2016 looks set to be remembered as the year we said goodbye to the Thin White Duke, the iron livered Lemmy and arguably the best bad guy Bruce Willis ever battered. But this week has made me question if Scotland risks losing a lot more than popular idols in 2016?
Maybe less well known is that this week is the anniversary of Jim Sillars, John Robertson and Alex Neil forming the short-lived Scottish Labour Party (SLP). Frustrated at the UK Government’s inability to secure a devolved Scottish Assembly, on January 18th 1976 Sillars and Co. broke from the UK Labour Party but by 1979 had lost their seats in the House of Commons and, in 1981, fraught with infighting, the party was disbanded.
40 years later, the Labour Party in Scotland has rebranded as “Scottish Labour” seeking to avoid a similar annihilation but this time in the devolved Parliament to which the previous rebels were so committed. Polls this week predicted the SNP could repeat its General Election success swooping almost all of the 72 constituency seats and leaving Labour rushing around relying on the regional list system and trying to stay ahead of Ruth Davidson’s Scottish Conservatives.
Could this lead to Scotland losing an effective opposition?
It would seem Nicola Sturgeon is the only one not taking an SNP win for granted. In FMQ’s this week the First Minister thanked Kezia Dugdale for her assumption she would remain in office post-election.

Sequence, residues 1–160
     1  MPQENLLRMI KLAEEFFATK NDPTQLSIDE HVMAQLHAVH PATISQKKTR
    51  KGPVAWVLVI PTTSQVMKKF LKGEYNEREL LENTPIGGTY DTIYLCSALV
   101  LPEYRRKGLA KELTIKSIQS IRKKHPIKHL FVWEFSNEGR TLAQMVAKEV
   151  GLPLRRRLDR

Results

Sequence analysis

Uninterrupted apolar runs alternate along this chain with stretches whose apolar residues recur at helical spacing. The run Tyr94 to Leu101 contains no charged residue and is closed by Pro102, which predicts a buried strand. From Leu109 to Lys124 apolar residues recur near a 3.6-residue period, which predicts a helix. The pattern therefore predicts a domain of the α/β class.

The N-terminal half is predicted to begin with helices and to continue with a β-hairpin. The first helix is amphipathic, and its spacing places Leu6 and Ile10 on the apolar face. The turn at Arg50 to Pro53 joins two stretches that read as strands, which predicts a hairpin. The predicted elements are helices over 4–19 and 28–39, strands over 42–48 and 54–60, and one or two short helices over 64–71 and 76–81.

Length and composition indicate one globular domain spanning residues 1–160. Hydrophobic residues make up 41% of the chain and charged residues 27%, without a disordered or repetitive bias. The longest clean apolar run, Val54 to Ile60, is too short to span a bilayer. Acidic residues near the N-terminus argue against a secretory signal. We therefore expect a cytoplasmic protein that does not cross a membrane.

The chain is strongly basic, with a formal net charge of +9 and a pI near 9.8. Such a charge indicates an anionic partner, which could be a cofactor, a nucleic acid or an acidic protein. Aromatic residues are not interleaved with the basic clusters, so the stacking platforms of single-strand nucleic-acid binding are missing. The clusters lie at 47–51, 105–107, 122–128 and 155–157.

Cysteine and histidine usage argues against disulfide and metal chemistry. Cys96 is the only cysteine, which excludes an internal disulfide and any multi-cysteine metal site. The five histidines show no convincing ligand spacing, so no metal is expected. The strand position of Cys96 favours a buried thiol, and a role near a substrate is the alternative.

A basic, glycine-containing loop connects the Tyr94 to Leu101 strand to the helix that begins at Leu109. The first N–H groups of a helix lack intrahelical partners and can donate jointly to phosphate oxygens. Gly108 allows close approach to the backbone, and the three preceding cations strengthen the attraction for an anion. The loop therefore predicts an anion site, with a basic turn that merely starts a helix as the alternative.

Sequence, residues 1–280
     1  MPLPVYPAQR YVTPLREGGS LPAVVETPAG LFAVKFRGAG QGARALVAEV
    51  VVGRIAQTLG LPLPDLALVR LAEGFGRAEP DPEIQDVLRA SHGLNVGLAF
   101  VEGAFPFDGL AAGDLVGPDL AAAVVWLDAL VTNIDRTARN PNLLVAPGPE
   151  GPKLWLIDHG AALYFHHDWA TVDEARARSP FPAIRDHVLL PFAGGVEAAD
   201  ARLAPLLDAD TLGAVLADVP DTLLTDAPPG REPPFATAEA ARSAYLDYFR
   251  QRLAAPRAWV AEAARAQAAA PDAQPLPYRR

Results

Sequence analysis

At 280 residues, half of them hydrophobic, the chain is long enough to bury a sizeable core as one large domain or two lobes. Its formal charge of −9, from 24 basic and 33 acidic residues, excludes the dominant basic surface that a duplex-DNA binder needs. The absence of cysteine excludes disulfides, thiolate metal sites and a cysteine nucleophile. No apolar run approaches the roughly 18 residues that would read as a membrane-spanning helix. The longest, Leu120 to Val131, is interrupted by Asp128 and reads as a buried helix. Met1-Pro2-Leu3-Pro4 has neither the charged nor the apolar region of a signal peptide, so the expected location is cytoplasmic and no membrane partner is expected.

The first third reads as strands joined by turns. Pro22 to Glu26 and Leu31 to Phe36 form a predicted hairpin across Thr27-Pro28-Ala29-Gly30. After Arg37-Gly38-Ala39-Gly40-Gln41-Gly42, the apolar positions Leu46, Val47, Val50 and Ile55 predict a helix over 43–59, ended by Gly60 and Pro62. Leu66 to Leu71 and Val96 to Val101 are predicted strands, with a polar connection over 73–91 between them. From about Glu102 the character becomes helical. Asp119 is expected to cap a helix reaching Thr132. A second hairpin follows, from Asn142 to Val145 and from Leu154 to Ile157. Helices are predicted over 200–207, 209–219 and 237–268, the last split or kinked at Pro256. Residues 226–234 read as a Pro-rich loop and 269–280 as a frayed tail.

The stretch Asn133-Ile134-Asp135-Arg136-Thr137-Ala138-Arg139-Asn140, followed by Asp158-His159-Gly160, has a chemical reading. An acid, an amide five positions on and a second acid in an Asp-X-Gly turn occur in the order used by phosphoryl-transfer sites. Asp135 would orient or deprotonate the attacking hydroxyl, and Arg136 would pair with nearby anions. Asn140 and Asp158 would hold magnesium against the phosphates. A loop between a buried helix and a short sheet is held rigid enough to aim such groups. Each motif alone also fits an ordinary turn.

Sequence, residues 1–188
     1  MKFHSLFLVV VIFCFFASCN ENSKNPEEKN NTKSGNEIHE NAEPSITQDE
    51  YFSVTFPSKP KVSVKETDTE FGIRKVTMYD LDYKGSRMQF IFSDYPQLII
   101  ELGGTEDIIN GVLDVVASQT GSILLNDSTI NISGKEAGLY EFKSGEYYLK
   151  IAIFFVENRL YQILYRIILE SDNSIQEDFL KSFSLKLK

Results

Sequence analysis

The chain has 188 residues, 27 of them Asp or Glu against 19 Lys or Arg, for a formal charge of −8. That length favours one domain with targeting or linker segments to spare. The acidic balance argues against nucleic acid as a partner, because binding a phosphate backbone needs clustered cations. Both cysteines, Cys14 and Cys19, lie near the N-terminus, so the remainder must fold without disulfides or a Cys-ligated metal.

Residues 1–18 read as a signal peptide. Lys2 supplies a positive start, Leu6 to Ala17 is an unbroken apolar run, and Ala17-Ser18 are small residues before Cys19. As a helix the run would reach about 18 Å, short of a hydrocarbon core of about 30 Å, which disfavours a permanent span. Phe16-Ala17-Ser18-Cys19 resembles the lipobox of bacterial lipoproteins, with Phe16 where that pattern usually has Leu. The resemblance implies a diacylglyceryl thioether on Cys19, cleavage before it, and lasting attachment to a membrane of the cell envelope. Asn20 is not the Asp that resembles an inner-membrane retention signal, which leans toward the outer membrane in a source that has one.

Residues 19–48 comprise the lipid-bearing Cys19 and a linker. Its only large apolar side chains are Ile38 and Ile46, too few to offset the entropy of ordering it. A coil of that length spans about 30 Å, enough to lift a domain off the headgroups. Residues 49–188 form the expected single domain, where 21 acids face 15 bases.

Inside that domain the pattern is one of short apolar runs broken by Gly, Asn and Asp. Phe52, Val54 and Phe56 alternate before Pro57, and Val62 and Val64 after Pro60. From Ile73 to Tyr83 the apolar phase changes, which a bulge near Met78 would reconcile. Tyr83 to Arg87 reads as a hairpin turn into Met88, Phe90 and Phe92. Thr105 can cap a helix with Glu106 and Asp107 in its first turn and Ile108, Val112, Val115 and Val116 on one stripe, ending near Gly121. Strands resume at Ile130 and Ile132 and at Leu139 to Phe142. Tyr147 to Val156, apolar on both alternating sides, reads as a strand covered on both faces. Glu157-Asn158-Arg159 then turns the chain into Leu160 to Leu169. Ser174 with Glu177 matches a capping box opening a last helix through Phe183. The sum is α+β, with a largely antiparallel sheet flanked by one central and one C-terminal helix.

Understandable as even the most optimistic of Labour voting optimists can’t deny a crippling General Election and a devastation series of polls. The SNP Government look set to hold another five years in powered, and as leader the opposition the only hope Kezia has is to put together the best Shadow Cabinet she can and chip away at the crack in SNP policy.
Last year the Scottish people undeniably turned away from Labour leaving Ian Murray in a lonely positon. Flooding the party with new blood may rejuvenate the party and get some new policies but will this actually happen? The regional list relies on the party membership deciding the order and likelihood of election but will those selected tend to be old faces?
Labour’s candidate list looks like a who’s who of failed politicians, a mix of return candidates from the 2011 Holyrood elections and MPs who lost their seats in the 2015 General Election. Can Anas Sarwar and Thomas Docherty, MPs voted out less than 12 months ago, really be the salvation Scottish Labour needs? Are they both hoping last year was merely ‘SNP mania’ and their experience can help lead the fightback?
It appears as though some existing Labour MSPs doubt this, with the politically experienced but still young Richard Baker retiring 10 weeks before the election for a job in the charitable sector. Does Richard know something the others don’t? However, others like Jackie Baillie, who was first elected in the maiden Scottish Parliament in 1999 remain. Maybe she is right and all is not lost, maybe there is a long term strategy at play here or it could be it is too late and there are simply some in party not willing to accept defeat and force through the radical change in personality and policies needed to start a turnaround in the party’s fortunes.